-Ib:1.0:2.2 (gamma 2.2 like) | -Ib:1.0:2.4 (gamma 2.4 like) | -IB:0.0:2.4 (Rec. 1886)
The lower end of the greyscale on the first 2 image is much lower then it was in the previous example!
And take a look at the Rec. 1886 curve! (the picture includes values between 2.3 and 1.9 !) You'll get an average gamma around 2.10 and very low values in the lower end and it won't go above 2.25! All because of the high black level of the display device! That curve maybe can be used during a sunny day in this case but definitely not during night! So that's why you can't say that this is the definite gamma curve, because differences in black level changes the resulting curve drastically. And there are lot of different displays out there.
5. Modifying the curve:
There are 3 options for this and we can mixed them together by setting them to:
- absolute or relative
- giving certain black output offset
- manually specifying (shifting) the black level itself
Let's assume that our black level is 0.027 cd/m2.
In the previous example (4.b.) we got curves really close to 2.2 and 2.4. Let's see what will happen if we lower the output offset with 10%. That means 90% output offset with an effective gamma 2.2 and 2.4 (we can't talk about Rec. 1886 anymore since we changed the output offset from 0 !):
-Ib:1.0:2.2 (original) | -Ib:0.9:2.2 | -Ib:1.0:2.4 (original) | -Ib:0.9:2.4
With this setting we are lowering the values in the lower end of the grayscale without modifying much the higher end. So this setting is good for elevating shadow in the lower part of grayscale.
If you would apply the same 90% output but with a technical (absolute) gamma then the whole curve would move down resulting a little bit brighter overall image. (It seems I can't set this in HCFR.)
What would happen if we override the given black level of the display by specifying e.g. 0.034 cd/m2 instead? (I have to say that I don't know where to specify this in DisplayCAL only for the generated 3DLUT.)
-Ib:1.0:2.2 (original) | -Ib:1.0:2.2 with black 0.034 override
-Ib:1.0:2.4 (original) | -Ib:1.0:2.4 with black 0.034 override
-IB:0.0:2.4 (Rec. 1886 original) | -IB:0.0:2.4 with black 0.034 override
We see that we still lower gently the lower end of greyscale but not as much as above (and the same applies even if we would have given 99% output offset in the previous example). And this also applies to the Rec. 1886 curve and it's effect can be greater depending on the black level.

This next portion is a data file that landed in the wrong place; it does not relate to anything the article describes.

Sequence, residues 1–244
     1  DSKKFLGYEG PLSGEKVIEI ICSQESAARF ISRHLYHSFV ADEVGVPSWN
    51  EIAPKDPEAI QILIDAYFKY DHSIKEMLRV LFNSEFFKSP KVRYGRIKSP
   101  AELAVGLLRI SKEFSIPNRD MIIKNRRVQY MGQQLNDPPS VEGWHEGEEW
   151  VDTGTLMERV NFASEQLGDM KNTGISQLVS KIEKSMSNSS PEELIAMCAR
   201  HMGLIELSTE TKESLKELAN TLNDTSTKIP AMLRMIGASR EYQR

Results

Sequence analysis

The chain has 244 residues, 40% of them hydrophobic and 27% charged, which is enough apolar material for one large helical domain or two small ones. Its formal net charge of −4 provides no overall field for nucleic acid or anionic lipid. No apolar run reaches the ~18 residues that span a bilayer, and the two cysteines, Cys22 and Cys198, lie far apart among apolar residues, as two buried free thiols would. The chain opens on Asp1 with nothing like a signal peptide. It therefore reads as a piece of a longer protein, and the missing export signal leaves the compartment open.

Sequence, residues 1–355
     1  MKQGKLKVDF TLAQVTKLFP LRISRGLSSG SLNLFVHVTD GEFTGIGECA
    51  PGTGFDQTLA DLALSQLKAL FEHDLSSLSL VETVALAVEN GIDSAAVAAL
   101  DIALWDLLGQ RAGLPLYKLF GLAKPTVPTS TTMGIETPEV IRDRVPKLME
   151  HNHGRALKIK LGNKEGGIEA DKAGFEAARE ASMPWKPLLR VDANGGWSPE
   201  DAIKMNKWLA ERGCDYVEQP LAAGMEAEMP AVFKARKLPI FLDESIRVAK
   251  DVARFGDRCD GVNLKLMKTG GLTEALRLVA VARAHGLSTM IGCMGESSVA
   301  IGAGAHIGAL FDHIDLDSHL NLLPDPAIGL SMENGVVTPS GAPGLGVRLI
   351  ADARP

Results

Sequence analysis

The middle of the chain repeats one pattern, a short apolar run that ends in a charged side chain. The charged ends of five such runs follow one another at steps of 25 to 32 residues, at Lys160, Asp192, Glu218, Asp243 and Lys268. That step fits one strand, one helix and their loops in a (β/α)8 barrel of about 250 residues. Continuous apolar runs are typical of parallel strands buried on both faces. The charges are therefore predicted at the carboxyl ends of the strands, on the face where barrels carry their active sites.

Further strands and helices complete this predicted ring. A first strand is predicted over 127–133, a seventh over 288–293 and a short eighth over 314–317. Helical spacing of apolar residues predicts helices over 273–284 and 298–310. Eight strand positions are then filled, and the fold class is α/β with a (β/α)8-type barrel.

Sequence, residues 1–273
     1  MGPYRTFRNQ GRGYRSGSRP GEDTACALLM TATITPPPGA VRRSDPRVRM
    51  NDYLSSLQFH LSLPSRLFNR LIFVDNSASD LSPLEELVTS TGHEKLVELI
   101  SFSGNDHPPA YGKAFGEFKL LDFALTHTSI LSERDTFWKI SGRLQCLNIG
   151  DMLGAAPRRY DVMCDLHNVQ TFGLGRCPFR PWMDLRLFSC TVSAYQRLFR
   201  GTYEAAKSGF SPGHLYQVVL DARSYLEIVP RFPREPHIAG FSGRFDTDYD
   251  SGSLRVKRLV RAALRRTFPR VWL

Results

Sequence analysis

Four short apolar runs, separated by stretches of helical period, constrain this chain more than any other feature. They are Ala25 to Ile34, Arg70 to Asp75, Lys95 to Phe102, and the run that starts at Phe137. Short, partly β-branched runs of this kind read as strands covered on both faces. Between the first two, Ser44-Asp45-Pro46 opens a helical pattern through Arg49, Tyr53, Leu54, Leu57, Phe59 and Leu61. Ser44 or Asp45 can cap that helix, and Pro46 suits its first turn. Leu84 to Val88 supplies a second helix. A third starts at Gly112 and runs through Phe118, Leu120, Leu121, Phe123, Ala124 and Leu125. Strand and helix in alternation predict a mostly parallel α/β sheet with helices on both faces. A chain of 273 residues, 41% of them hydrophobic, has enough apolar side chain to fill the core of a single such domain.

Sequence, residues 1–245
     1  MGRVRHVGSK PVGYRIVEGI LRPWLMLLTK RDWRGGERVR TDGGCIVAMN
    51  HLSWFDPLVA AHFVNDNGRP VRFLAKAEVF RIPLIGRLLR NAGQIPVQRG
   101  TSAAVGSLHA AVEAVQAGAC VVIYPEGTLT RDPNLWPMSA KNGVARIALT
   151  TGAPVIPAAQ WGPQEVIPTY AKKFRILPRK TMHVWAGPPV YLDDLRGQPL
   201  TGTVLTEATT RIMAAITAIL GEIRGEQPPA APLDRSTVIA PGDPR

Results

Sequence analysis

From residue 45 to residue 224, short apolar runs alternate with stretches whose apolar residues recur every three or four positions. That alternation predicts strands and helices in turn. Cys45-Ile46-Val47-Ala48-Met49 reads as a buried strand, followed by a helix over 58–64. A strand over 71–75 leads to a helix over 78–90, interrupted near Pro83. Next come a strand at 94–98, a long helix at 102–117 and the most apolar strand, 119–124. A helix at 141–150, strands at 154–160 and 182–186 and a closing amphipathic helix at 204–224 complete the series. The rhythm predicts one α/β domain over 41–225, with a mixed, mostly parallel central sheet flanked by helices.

C. Hands on SDR tone curve / gamma
: creating 3DLUT for night usage
1. since I know about the above information, I want to have a 2.4 gamma like curve then I'll check the result with my favorite scenes with lot of contrast then I'll generate an another 3DLUT with a new tone curve settings.
2. I'll make a usual measurement but modifying the tone curve settings on the 3DLUT tab:
- gamma 2.4 , relative , 100% output offset (that would mean the "-Ib:1.0:2.4" switch for collink)
3. when it's done I test it with my favorite scenes looking for defects. In this case all looks good except for the little dark shadow details at the lower end of greyscale.
4. run HCFR, don't forget to apply your meter correction, and don't forget to set the applied tone curve in References tab by setting: ITU-R BT 1886 , 2.4 Effective, 0%
5. run a full measurement (54 patches)
6. go to the gamma graph and see how your curve looks like. In my case I want to lower the lower end.
7. open up References again and try out different values in it: I set 2%, hit apply, then take a look at the graph in the background. I don't like it, so I set 5%. If it looks pleasing then we done here so far. (Save the project for any future use
8. so, I want to generate a new 3DLUT in DisplayCAL:
- uncheck "Create 3DLUT after profiling"
- and set the 5% value from HCFR: I have to enter 95% in DisplayCAL (that would mean the "-Ib:0.95:2.4" switch for collink)
9. when it's done I test it with my favorite scenes looking for defects:
- if it's still not good then go back to step 6. in HCFR and try out different values